The best way to reduce outstanding receivables in a medical provider’s office is to make sure that claims being sent out are clean. Clean claims require less effort in collecting payment and result in faster payments. Claims with errors come back as denials and then need to be corrected, resulting in a delay in payment for services, and possibly no payment at all. After all, 42% of denied claims are never appealed or corrected.
Most provider offices do not have the time or the manpower to take care of denials in a timely fashion and it is one of the largest sources of lost money in a medical office. Sending out clean claims results in over 90% being paid on the first submission, leaving less than 10% of claims to be denied. By eliminating the avoidable errors, the real issues can be addressed and less money will be lost. One good way to ensure clean claims is by having a good claim scrubber in place. Many billers do not even know what a claims scrubber is but it actually influences your receivables in a huge way.
A claim scrubber analyzes the data that is on the claim and compares the data to its rules engine before the claim is submitted. There are several levels of claim scrubbing and good claim scrubbers will analyze data on many levels. The most basic claim scrubbing function is to make sure that all required data is present. For example, it will check to make sure a name, valid date of birth, insurance information and id number are present. It will also verify that there is a date of service and a procedure and diagnosis code. But it may not verify if the data is accurate. For example, a basic claim scrubber may not notice if a date of service entered was mistyped and is for an obviously incorrect date, such as 04/01/2001. To a biller it is obvious that the entry person made a typo, but a basic claim scrubber may not catch this.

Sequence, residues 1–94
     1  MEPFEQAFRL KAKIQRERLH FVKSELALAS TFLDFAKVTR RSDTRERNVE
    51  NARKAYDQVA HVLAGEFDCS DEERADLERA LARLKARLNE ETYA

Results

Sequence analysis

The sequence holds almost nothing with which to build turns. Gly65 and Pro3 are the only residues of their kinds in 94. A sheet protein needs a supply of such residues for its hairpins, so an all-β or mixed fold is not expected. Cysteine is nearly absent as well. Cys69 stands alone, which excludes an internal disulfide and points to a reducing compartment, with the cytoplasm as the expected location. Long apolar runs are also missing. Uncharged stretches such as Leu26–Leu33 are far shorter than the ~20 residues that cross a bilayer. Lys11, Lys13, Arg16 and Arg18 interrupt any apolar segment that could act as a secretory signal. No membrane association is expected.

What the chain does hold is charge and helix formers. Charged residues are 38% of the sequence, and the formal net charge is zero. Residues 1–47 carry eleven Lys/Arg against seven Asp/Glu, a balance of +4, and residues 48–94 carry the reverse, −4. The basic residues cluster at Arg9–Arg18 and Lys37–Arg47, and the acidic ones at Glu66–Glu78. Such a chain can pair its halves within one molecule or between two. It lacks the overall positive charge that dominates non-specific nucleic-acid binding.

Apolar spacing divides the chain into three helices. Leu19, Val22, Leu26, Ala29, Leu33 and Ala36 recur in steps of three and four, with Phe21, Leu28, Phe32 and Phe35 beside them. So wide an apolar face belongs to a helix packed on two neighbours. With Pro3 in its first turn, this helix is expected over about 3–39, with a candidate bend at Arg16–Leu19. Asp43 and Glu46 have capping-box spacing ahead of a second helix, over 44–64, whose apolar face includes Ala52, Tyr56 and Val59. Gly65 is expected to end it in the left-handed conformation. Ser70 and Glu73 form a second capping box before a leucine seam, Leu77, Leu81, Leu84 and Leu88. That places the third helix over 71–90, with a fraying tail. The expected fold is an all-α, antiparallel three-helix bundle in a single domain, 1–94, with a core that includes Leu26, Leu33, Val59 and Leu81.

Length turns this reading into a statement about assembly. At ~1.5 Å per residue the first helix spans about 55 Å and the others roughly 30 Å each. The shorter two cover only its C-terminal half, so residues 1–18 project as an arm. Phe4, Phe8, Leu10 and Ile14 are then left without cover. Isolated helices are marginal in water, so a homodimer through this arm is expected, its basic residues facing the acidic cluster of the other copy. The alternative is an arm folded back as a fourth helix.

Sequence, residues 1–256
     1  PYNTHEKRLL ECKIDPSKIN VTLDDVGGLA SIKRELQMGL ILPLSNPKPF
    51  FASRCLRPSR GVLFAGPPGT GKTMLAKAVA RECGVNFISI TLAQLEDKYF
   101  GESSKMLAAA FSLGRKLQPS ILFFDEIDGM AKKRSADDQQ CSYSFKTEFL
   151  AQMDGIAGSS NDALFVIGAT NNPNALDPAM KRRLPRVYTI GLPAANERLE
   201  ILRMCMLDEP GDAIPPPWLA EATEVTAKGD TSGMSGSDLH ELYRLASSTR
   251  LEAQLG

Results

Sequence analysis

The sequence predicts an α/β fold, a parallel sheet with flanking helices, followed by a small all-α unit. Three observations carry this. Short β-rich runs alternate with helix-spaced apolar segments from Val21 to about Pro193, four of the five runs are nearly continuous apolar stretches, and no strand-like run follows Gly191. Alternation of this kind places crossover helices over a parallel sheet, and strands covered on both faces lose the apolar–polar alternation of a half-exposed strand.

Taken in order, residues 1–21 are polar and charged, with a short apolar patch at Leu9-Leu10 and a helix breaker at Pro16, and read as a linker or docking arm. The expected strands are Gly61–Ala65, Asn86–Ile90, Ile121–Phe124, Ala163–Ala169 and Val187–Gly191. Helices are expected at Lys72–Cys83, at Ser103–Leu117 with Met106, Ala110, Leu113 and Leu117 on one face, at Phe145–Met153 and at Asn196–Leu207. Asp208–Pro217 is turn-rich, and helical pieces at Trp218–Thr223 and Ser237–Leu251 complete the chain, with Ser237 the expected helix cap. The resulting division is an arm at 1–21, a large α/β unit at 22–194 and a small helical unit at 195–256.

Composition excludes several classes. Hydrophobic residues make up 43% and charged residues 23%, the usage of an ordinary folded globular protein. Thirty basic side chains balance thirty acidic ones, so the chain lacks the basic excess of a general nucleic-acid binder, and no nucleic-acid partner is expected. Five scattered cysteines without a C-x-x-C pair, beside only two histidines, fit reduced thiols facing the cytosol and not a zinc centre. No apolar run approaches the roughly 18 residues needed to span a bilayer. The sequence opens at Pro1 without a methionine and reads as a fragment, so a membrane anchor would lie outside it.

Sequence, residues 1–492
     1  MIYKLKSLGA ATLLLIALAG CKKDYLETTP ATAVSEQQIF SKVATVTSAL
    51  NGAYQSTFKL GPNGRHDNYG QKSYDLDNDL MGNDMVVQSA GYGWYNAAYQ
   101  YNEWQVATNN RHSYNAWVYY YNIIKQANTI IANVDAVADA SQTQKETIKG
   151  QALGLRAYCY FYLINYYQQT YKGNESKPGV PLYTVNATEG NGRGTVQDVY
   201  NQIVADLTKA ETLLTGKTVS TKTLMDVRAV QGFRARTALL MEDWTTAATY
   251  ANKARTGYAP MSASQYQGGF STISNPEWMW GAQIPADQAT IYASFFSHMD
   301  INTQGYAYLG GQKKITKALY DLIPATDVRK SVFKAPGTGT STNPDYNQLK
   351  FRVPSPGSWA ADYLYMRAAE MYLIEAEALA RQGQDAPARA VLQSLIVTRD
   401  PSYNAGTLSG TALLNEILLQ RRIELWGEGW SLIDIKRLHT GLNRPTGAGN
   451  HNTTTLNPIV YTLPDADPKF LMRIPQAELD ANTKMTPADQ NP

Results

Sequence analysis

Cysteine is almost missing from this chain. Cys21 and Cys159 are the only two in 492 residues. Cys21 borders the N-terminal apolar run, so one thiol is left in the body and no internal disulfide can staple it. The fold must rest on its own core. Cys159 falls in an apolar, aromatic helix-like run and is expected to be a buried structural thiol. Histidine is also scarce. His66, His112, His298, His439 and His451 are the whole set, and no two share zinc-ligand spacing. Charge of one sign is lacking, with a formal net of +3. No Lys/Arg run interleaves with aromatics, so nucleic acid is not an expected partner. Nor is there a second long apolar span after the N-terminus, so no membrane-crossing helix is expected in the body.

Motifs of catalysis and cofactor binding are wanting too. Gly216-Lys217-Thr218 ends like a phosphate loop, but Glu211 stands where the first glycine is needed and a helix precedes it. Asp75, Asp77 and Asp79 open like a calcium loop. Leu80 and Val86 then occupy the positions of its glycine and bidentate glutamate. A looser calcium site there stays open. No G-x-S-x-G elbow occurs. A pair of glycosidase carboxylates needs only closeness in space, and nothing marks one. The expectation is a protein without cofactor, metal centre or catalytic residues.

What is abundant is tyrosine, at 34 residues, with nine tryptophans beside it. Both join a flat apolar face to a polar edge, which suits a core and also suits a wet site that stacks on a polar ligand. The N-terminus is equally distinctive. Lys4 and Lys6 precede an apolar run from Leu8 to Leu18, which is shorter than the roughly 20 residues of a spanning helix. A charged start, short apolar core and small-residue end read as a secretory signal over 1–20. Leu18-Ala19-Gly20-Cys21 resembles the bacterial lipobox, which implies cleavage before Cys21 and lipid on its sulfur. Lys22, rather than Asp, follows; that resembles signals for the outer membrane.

Another example is if an invalid insurance identification number is entered. Medicare identification numbers are a social security number followed by a letter, sometimes also followed by another number. If the person entering the claims makes a mistake and misses one number, a basic claim scrubber may not notice. But a good claim scrubber would pick up that there were only eight digits instead of nine, giving the user a warning that the claim may have an error.
Today claim scrubbers come with many more capabilities. They not only verify required data is present, but they also analyze icd-9 and cpt codes. They use rules from CMS and other major insurance carriers to detect mismatches and invalid combinations. Warnings will be given if data does not appear to meet carrier guidelines.
Now with web based software the claim scrubbers have improved even more. With the use of data mining a claim scrubber can build on its own knowledge base by continually reevaluating the adjudication rules of different payers. The claim scrubber is constantly improving its own quality of scrubbing capabilities. With this type of scrubbing capability a provider can reduce the percentage of human error and greatly improve the number of clean claims submitted.
Most practice management software systems with electronic claims capabilities come with some form of a claim scrubber. It is important to know how complete the claim scrubber that you are utilizing is. A good claim scrubber can have a huge effect on the accounts receivable of an office.
When we switched from a server based practice management system to a web based system we found that the claims scrubber on the web based Xena Health system caught up to 50% more errors that would have caused denials. The claims scrubber on our old system would have allowed those errors through creating much more work on the back end.
Some of the features in a product like the Xena Health’s inbuilt claims scrubber include
• Required field checks
• Required format checks
• ICD-9 checks and specificity
• E & V code checks
• CPT validity
• HCPCS validity
• The CMS Correct Coding initiative
• Local and national coverage determinations where appropriate
• Payer specific requirements